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No Offence: what can we expect from the new series of the darkly comic cop show filmed in Manchester?


The darkly comic cop show No Offence hasn’t shied from contentious subjects matters since its debut in 2015, and it’s no different when the Bafta-nominated TV series based in Manchester returns for a third run.

This time, the tough, no-nonsense DI Viv Deering, along with her ‘crime fighting family’ at Friday Street police station, faces members of the far right.

“Series three is about the void left by political parties, clusters of ignorance streamlined into soldier ants. Whether it’s a real or perceived void doesn’t matter. Predators will always exploit a weakness,” says Paul Abbott, the man behind Shameless and State of Play, who created the show.

“Viv Deering really earns her wages in making her voice heard to diverse cultural factions.”

Here, some of the cast members, new and old, talk about the storyline, shooting in the city and nailing the northern accent.

Joanna Scanlan (DI Viv Deering)

Photo: Ryan McNamara

“At the start of the series, Deering and her team are in a good place, positive and confident and competent but a tragic event sets in motion one of the most shattering investigations of her career,” reveals Joanna Scanlan who’s starred in The Thick Of It and Getting On and brings Deering to life.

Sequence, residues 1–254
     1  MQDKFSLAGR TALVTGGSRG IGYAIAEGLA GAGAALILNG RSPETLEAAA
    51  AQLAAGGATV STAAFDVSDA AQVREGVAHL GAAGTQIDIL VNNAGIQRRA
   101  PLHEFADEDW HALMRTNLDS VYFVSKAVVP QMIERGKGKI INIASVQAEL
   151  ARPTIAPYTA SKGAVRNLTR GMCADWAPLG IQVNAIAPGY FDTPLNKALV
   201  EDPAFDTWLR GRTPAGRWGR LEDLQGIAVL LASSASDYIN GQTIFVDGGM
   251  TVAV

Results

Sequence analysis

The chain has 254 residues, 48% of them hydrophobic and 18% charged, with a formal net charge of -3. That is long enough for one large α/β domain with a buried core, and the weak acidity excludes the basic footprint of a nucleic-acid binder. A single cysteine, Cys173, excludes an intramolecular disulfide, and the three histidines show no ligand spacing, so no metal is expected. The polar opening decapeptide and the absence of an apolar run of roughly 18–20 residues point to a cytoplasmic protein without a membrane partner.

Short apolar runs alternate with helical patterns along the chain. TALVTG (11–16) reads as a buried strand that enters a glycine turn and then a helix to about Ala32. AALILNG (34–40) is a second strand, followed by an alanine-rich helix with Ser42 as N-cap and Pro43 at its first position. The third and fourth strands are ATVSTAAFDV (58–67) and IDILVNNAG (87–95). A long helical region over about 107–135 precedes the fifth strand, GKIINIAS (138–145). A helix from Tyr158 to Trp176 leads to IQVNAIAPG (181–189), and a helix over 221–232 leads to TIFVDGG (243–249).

“There does seem to be a growth of organised right-wing forces, not just in the UK but in Europe. In the series we get to see how certain people manipulate their own position to exploit and use a certain anger that’s been generated by working class dispossession. The team has to come together using every trick in their book above and below the board in order that right prevails,” says Joanna, who also acted as associate producer.

“It meant I was much closer to the production process, seeing the logistical complications with pulling off such a fast and furious drama within the confines of a busy city like Manchester.”

Filming at the Jewish Cemetery for episode three “was very moving,” she recalls. “We filmed on a day it was snowing and the whole place was very sad and bleak. Respect for the dead comes to the front a lot this series and that particular episode was very painful to film.”

Elaine Cassidy – DC Dinah Kowalska